Parameters
• input (Tensor) – the tensor to split

• chunks (int) – number of chunks to return

• dim (int) – dimension along which to split the tensor

torch.gather(input, dim, index, out=None, sparse_grad=False) → Tensor

Gathers values along an axis specified by dim.

For a 3-D tensor the output is specified by:

out[i][j][k] = input[index[i][j][k]][j][k]  # if dim == 0
out[i][j][k] = input[i][index[i][j][k]][k]  # if dim == 1
out[i][j][k] = input[i][j][index[i][j][k]]  # if dim == 2


If input is an n-dimensional tensor with size $(x_0, x_1..., x_{i-1}, x_i, x_{i+1}, ..., x_{n-1})$ and dim = i, then index must be an $n$ -dimensional tensor with size $(x_0, x_1, ..., x_{i-1}, y, x_{i+1}, ..., x_{n-1})$ where $y \geq 1$ and out will have the same size as index.

Parameters
• input (Tensor) – the source tensor

• dim (int) – the axis along which to index

• index (LongTensor) – the indices of elements to gather

• out (Tensor, optional) – the destination tensor

• sparse_grad (bool,optional) – If True, gradient w.r.t. input will be a sparse tensor.

Example:

>>> t = torch.tensor([[1,2],[3,4]])
>>> torch.gather(t, 1, torch.tensor([[0,0],[1,0]]))
tensor([[ 1,  1],
[ 4,  3]])

torch.index_select(input, dim, index, out=None) → Tensor

Returns a new tensor which indexes the input tensor along dimension dim using the entries in index which is a LongTensor.

The returned tensor has the same number of dimensions as the original tensor (input). The dimth dimension has the same size as the length of index; other dimensions have the same size as in the original tensor.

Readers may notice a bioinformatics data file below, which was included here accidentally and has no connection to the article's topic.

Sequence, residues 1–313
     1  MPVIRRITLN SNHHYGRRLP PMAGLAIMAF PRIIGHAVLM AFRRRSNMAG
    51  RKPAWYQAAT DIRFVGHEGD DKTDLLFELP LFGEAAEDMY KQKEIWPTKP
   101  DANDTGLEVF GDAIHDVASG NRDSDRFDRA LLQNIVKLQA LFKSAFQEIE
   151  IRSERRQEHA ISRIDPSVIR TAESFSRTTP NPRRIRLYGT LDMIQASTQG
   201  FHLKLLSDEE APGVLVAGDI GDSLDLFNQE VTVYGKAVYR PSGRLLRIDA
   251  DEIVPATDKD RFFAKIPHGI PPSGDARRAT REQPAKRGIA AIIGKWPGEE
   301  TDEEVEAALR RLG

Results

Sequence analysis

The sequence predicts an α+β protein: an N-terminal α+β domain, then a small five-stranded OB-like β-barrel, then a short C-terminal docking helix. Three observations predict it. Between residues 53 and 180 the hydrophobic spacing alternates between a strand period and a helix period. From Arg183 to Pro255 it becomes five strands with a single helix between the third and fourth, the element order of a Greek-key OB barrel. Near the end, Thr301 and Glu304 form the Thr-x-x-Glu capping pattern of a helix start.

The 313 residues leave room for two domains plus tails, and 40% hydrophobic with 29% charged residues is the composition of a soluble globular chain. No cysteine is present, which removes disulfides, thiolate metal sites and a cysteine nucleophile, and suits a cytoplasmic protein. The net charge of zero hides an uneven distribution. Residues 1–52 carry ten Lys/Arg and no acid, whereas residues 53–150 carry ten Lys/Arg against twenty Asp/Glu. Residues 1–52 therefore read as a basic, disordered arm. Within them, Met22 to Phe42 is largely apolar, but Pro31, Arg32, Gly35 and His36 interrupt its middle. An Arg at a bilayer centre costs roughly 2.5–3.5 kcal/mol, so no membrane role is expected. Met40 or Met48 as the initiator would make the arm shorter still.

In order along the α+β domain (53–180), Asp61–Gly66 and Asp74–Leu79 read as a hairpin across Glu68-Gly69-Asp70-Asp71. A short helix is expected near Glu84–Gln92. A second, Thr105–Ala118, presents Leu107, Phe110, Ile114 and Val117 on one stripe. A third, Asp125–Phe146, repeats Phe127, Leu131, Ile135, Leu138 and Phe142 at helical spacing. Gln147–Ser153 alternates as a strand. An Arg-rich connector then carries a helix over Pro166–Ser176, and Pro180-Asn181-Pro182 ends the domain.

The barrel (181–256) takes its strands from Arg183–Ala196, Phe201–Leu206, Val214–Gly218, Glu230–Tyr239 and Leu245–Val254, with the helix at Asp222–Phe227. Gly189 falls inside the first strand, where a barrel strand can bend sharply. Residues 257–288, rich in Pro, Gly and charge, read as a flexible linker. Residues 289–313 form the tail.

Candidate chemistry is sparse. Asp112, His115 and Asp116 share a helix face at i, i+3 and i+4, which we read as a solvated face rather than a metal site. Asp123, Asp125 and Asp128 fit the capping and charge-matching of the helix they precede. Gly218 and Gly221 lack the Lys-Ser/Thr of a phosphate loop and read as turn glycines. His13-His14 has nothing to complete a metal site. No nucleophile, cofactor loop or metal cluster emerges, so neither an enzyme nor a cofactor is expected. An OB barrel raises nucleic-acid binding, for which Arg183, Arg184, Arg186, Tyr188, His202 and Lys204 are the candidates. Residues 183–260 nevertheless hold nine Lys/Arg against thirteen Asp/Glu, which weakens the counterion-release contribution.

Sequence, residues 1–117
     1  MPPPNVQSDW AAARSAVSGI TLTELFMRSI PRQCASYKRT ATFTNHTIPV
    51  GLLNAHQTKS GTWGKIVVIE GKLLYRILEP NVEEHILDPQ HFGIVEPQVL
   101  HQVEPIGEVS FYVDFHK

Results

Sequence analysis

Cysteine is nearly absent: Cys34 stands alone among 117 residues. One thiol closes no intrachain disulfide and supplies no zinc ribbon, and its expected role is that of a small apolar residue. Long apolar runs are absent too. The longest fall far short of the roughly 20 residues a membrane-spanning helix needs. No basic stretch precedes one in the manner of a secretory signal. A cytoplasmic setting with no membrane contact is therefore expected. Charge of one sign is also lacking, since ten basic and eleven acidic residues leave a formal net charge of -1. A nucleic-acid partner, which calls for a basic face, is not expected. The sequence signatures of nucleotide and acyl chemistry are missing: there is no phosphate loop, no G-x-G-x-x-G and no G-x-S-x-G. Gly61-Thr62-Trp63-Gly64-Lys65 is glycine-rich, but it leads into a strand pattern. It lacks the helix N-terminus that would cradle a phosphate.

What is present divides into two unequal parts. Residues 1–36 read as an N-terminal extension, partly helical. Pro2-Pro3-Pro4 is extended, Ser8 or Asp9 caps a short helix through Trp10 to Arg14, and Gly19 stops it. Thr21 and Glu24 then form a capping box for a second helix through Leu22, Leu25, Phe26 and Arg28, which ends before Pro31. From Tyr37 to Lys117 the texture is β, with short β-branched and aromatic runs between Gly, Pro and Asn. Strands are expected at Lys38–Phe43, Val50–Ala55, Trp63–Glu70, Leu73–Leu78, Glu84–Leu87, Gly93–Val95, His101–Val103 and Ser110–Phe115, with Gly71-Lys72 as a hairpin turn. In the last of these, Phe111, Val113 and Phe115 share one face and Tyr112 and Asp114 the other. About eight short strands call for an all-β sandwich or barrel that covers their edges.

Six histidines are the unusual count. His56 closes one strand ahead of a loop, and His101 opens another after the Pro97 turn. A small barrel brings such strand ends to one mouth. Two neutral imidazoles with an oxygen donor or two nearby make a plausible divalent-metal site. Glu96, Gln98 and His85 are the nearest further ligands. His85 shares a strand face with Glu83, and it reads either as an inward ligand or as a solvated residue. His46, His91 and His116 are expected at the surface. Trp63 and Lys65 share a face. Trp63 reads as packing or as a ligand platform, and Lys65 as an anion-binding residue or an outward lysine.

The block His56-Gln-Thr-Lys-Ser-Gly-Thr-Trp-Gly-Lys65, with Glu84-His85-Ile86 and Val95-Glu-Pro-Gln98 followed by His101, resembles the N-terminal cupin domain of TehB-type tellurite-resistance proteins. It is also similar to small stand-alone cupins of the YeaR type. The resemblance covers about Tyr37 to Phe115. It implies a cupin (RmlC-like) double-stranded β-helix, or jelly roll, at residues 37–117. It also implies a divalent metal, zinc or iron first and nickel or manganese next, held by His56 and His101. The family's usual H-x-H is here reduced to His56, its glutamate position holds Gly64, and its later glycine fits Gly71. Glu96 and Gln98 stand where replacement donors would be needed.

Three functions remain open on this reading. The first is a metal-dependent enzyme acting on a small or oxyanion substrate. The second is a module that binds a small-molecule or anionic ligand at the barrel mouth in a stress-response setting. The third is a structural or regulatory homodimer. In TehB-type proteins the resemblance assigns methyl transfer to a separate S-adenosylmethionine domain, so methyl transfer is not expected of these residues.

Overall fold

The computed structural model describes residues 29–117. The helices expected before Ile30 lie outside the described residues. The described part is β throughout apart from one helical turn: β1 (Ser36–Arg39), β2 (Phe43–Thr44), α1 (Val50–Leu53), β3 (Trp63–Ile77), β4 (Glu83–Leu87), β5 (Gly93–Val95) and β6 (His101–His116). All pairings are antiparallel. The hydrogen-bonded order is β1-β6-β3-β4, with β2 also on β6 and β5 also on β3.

Note

The returned tensor does not use the same storage as the original tensor. If out has a different shape than expected, we silently change it to the correct shape, reallocating the underlying storage if necessary.

Parameters
• input (Tensor) – the input tensor.

• dim (int) – the dimension in which we index

• index (LongTensor) – the 1-D tensor containing the indices to index

• out (Tensor, optional) – the output tensor.

Example:

>>> x = torch.randn(3, 4)
>>> x
tensor([[ 0.1427,  0.0231, -0.5414, -1.0009],
[-0.4664,  0.2647, -0.1228, -1.1068],
[-1.1734, -0.6571,  0.7230, -0.6004]])
>>> indices = torch.tensor([0, 2])
>>> torch.index_select(x, 0, indices)
tensor([[ 0.1427,  0.0231, -0.5414, -1.0009],
[-1.1734, -0.6571,  0.7230, -0.6004]])
>>> torch.index_select(x, 1, indices)
tensor([[ 0.1427, -0.5414],
[-0.4664, -0.1228],
[-1.1734,  0.7230]])

torch.masked_select(input, mask, out=None) → Tensor

Returns a new 1-D tensor which indexes the input tensor according to the boolean mask mask which is a BoolTensor.

The shapes of the mask tensor and the input tensor don’t need to match, but they must be broadcastable.

Note

The returned tensor does not use the same storage as the original tensor

Parameters
• input (Tensor) – the input tensor.

• mask (BoolTensor) – the tensor containing the binary mask to index with

• out (Tensor, optional) – the output tensor.

Example:

>>> x = torch.randn(3, 4)
>>> x